The German court of auditors recently showed how this could happen. In a report to the Bundestag’s budgetary committee the court discovered that the paid in capital that Germany and indeed any other eurozone member might have to provide between 2013 and 2017 could be higher than foreseen. According to the decisions of the EU summit in late March Germany would pay €21.7bn out of the €80bn of paid-in capital for the ESM. Chancellor Merkel had insisted that the German government should be able to pay that money in five equal yearly tranches of €4.35bn, which will be counted as expenditure in the budget. But the auditors pointed out that this agreement becomes invalid, if one country is unable to bear its share of paid in capital and if at the same time another state requires the aid of the ESM. In this case the rate of paid-in capital in relationship to its total of €700bn could decline under the 15% that is required by the rating agency to guarantee the ESM AAA rating. In that case the ESM shareholders could decide by simple majority – and as a consequence against Germany’s wishes – that the capital stock and thus the German contribution needed to be increased. This anomaly applies equally to Ireland, Greece and Portugal. But for weaker eurozone countries there is an additional problem. With regard to callable capital and guarantees eurozone countries like Ireland will be required to pay up front. Germany and France, whose sovereign bonds have a triple-A rating, would not need to put up actual money to cover any shortfall of paid-in capital. A guarantee would do. But since a guarantee has to serve as the equivalent of a prepaid cash payment, a guarantee by a non-triple-A rated country would not cover the shortfall so countries with lower ratings – yes, you guessed them correctly! – would have to pay cash. So we are in a perverse situation. Countries with easy access to capital can provide cheap guarantees, while the weaker countries must put up cash.
Michael Noonan recently announced a plan to impose “substantial” losses on senior bondholders in Anglo Irish Bank and Irish Nationwide Building Society. He has now gone silent. Is there currently any legal obstacle to him doing this under the present bailout regime and what would the position be under ESM?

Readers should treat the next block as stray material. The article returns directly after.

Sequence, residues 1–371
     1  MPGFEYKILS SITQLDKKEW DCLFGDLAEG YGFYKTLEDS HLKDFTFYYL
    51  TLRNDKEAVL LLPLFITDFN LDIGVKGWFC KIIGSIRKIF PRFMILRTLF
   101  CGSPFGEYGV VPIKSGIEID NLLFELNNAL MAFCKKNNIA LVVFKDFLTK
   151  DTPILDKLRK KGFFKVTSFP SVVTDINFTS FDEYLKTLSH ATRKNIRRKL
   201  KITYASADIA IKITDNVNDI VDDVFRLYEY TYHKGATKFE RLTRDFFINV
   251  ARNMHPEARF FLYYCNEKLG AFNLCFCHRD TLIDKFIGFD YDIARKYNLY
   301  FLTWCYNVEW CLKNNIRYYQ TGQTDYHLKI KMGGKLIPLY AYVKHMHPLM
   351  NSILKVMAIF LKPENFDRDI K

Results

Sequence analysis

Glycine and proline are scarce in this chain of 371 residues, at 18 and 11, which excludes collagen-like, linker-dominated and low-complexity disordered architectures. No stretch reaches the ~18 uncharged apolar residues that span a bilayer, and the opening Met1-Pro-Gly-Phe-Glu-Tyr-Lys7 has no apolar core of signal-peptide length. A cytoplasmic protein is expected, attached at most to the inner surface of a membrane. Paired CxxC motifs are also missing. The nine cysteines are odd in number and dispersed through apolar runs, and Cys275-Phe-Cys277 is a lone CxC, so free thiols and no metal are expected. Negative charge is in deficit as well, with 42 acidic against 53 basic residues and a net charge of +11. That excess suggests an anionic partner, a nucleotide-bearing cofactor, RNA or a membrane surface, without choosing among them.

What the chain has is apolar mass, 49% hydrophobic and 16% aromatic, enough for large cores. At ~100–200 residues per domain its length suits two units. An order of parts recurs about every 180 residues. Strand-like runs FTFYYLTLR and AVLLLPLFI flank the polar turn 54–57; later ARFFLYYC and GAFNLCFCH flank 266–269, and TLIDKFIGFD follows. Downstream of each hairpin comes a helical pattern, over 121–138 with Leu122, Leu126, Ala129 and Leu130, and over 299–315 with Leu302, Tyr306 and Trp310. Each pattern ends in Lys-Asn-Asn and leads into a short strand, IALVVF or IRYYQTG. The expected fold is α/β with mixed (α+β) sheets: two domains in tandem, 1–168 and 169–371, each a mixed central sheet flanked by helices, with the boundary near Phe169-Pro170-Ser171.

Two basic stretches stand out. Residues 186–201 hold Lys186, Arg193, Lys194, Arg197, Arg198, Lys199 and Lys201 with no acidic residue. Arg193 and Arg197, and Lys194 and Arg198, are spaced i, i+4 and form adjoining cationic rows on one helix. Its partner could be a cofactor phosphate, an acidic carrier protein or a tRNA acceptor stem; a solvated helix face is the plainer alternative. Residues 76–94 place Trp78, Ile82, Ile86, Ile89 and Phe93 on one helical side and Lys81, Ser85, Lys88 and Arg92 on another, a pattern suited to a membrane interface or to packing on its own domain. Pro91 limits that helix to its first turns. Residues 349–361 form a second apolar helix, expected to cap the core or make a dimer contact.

No. In fact this is a good illustration of the qualitative as opposed to ’purely copper fastening’ nature of what is involved. Mr Noonan obviously lost the run of himself in New York where he made the threats about Anglo and Nationwide. His current silence is more to do with political than legal pressure. Post 2013 and the ESM, it would be a different matter. The ‘implications for euro-area stability’ would continue as a priority concern but the conditions under which a troubled eurozone member such as this country could impose ‘haircuts’ would be much more restricted and controlled. For ‘implications for euro-area stability’ read interests of French, German and Dutch banks. A key part of the process would be the ‘debt sustainability analysis’ Debt sustainability is defined as when a borrower is expected to be able to continue servicing debt without ‘an unrealistically large correction to its income and expenditure’ Would Ireland be in that category today? Would Greece or Portugal? ‘If it is decided that austerity ’is working’ then Mr Noonan would not be permitted to impose haircuts but could introduce initiatives to encourage the main private investors ‘to maintain their exposures’ Who or what will authorise this? – the Board of Governors of the ESM i.e. the Ministers of Finance of the euro-area Member States deciding by mutual agreement. And who or what is to supervise it? – the Commission, the IMF, the ECB and the EBA. It would only be if the sustainability analysis showed the country to be in such a disastrous state that even the most ruthless austerity measures ’cannot realistically restore the public debt to a sustainable path’ Mr Noonan could engage in active negotiations to ‘secure their direct involvement in restoring debt sustainability’ or in other words make them take some degree of hit. A good practical test for Mr Noonan, the Government and indeed the ‘Opposition’ is whether they have a clue about the sort of economic surveillance and control regime that they are blindly prepared run the country into.